Like everyone else, I do not have the answers to these problems. I am as vexed as everyone else as to how we may prevent this impending catastrophe. I am as frustrated by the lack of action as you, and indeed the backwards steps we currently seem to be taking with the increased destruction of the Amazon, and the appointment of right wing politicians who continue to put profit first, and hardly even pay lip service to the environmental armageddon we face. But perhaps we can look to our mythology for parallels that reflect our current predicament. And perhaps, just perhaps, we may find clues as to how to respond to the challenges we face now.

In early version of Arthurian legends, the grail is kept by the fisher king or wounded king, who suffers from a leg or groin wound and is unable to walk. He can only sit in his little boat and spend his days fishing by his castle. The wound cripples the king and effects his virility, and as the king suffers, as does the land, becoming barren and infertile as a result. Eventually Percival, a knight of the round table comes to the castle in search of the grail and restores the king and the land to health.

Like the land of the fisher king, our world is becoming a barren and infertile wasteland unable to support life as we know it. Or at least our lives. Like the land of the fisher king, the world’s poor health is a direct result of the impotence of its rulers. Their wounded characters, and their lack of action.

Percival was raised in the isolation of the forest by his widowed mother who purposefully hid the realities of the world from him keeping him ignorant and naive. When he reached 15 he came upon a group of knights passing through the woods, and decided to leave home to become a knight of the round table. Percival’s innocence and ignorance is then further compounded by his tutor in arms, Gornemant, who instructs Percival not to question the significance of the things he sees.

Like Percival we are purposefully kept ignorant by the lies of politicians. We are misled with oversimplified reactionary news articles, that do not reflect the reality of the situation. And we grow up in an education system that teaches us to unquestionably accept the instructions of authority above all else, and simply accept the “facts” we are given. We, like Percival, are taught not to question the significance of the things that we see.

When Percival remembers that his mother fainted when he first left, he decides to go and see her, but first comes across the fisher king who invites him to stay in his castle. While he is there he witnesses a strange precession of magnificent objects including a bleeding lance and a grail, but due to his instruction Percival remains silent and doesn’t question this. The next morning when he awakes the castle is gone. He continues his journey until he comes across a young girl who chastises him for not asking about the grail as it would have healed the fisher king. Percival resolves to again find the castle of the fisher king so that he might ask the right question and heal him.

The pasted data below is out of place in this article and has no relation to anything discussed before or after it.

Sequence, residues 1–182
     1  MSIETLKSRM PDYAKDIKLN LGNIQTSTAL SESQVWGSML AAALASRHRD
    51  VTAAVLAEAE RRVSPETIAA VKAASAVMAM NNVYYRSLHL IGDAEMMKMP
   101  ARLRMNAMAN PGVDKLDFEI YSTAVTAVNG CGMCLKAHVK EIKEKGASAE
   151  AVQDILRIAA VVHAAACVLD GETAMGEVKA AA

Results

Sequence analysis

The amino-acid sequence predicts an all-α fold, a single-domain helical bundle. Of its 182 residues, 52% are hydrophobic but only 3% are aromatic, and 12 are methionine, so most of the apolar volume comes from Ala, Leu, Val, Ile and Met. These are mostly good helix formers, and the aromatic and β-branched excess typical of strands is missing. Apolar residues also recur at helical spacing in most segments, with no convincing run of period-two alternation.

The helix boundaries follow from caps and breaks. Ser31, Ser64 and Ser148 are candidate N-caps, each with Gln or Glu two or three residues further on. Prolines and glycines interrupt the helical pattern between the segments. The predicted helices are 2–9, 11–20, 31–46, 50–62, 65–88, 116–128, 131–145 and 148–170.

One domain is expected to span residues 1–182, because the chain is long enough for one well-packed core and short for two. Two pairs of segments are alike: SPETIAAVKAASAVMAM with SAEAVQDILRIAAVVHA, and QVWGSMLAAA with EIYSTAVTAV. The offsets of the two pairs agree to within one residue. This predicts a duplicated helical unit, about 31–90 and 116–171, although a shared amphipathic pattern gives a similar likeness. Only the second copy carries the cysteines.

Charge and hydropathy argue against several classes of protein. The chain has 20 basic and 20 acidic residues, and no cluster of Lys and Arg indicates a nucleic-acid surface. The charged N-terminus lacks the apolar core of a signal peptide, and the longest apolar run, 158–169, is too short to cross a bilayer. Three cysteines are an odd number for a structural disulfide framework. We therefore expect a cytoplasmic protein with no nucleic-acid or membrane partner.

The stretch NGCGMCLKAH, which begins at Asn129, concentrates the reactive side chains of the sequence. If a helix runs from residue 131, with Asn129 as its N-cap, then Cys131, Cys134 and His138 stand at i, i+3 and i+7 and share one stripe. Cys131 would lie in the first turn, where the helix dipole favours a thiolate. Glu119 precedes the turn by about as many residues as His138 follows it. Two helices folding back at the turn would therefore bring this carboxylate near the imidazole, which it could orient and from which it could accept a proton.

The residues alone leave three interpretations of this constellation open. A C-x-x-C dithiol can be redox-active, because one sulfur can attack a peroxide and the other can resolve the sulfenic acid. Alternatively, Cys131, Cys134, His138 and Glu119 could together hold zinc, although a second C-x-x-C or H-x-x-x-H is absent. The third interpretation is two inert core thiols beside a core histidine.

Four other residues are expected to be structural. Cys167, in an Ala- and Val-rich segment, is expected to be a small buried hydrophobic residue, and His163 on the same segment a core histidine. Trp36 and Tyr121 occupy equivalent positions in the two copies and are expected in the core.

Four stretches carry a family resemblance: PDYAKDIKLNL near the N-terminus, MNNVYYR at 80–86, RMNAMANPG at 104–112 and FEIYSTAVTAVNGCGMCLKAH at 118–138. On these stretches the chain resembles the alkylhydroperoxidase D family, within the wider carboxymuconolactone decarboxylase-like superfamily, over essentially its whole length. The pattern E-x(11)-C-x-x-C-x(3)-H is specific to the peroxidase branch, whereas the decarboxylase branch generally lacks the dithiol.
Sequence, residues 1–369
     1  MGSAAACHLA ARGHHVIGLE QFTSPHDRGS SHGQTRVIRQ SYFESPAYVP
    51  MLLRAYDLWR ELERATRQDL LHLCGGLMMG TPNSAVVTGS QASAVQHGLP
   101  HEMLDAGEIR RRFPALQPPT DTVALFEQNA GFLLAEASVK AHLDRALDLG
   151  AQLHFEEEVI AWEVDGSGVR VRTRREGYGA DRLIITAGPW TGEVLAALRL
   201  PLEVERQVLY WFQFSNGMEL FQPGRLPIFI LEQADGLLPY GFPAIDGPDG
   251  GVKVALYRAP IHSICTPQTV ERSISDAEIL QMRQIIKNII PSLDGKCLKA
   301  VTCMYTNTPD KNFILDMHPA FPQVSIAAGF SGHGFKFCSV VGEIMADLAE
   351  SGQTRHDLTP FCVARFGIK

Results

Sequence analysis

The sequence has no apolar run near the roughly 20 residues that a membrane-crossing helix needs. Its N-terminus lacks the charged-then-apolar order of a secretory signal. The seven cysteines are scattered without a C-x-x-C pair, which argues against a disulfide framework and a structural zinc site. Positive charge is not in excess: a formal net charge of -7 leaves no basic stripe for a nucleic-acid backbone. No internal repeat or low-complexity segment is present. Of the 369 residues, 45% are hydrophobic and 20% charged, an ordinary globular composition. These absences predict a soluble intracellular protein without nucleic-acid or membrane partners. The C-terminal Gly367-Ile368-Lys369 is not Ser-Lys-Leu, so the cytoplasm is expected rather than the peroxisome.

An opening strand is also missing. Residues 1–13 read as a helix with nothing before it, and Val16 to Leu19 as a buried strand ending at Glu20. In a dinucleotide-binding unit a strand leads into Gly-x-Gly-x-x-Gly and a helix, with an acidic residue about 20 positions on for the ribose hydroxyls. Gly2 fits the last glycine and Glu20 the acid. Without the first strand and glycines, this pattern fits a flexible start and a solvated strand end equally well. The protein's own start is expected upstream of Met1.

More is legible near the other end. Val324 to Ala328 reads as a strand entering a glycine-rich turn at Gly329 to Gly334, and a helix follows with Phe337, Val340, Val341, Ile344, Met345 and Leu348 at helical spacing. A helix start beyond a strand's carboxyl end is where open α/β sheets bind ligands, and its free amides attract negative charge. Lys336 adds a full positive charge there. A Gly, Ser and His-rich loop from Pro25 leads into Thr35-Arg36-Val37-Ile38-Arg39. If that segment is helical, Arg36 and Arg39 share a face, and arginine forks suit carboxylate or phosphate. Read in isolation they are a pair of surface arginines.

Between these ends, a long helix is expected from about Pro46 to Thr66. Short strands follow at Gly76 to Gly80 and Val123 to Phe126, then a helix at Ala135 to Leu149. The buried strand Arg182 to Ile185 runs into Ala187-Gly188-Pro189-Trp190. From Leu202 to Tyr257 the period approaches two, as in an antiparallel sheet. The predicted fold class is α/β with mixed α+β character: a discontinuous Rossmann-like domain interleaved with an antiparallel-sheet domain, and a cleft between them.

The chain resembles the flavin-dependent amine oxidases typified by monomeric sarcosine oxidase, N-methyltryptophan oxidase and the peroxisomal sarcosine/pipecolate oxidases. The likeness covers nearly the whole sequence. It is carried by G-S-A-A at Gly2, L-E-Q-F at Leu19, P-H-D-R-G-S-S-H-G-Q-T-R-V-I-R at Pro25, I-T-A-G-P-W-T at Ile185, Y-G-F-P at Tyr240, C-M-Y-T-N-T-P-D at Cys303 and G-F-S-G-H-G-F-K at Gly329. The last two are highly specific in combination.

Like the human population of the earth, Percival knows that something is amiss, he can see it with his own eyes, but due to his upbringing and conditioning, doesn’t feel that he has the authority to question the status quo. Like those who today deny the impending climate catastrophe, there are none so blind as those that will not see. Ignorance is bliss until reality gives you a good slap in the face. And this is where I feel humanity is stuck. The young girl has chastised us, but as a society we are yet to accept our mistake and resolve to correct the situation.

Our quest for the grail must now begin in earnest. We must seek the means to restore the land. There will be perils and pitfalls along the way, but that is the nature of a quest, it is difficult and dangerous. At stake is the life of the land and all who depend upon it. We must rid ourselves of the ignorance of the situation and continue on the quest with clarity and purpose.

How can we apply this understanding to the situation at hand? As I said above I do not have the answers, but I suspect that at least part of it lies in the symbology of the grail itself. The grail is of course the Christianisation of earlier Celtic symbology surrounding cauldrons. There are many cauldrons in the mythology of the British Isles, but it is generally accepted that it is a symbol of the feminine. The knights of the Arthurian tales are chivalrous. Many of their deeds and quests are concerned with protecting the honour of the ladies in their lives.

Today’s society is dominated by the masculine principle. We are a patriarchal society obsessed with dominating the natural world for our own selfish gain. Faced with the challenge of climate change, we seek to dominate and control further. We believe that if only we can plant enough trees and stop burning fossils we can once again manipulate the system to our advantage. But isn’t this failing to learn the lesson we are being taught?

Is the key to unlocking this conundrum the very relationship we have with our environment? If we as a society and individuals can build a relationship not based upon acquisition of resources, of exploitation and use. A relationship that embraces the feminine, that embraces community, mutual aid and compassion. Or at least a more balanced approach than we currently have. Then perhaps with a different perspective we may be able to find a way through these issues we face.

If we can find the grail within ourselves. Within our work places and communities. Our nations and our societies. Then I believe we can change our relationship with our environment. But I think we need to seek the grail in every aspect of our lives with honesty and integrity. And it will not be easy.

It is folly to try and control everything. We need to learn to let go and understand that we are entirely dependent on our environment. We must instead focus on fostering a far more respectful relationship. One that respects the ebb and flow of our weather patterns and the changing of our seasons. The natural harvest cycles. We must learn to take only what we need and to give just as much back. Landfill makes a poor offering to the gods!

Are you ready to embark on perhaps the most important quest we have ever had to undertake? I am not sure any of us are. But we must undertake this quest now if we have any hope of success.

Good luck brave knight.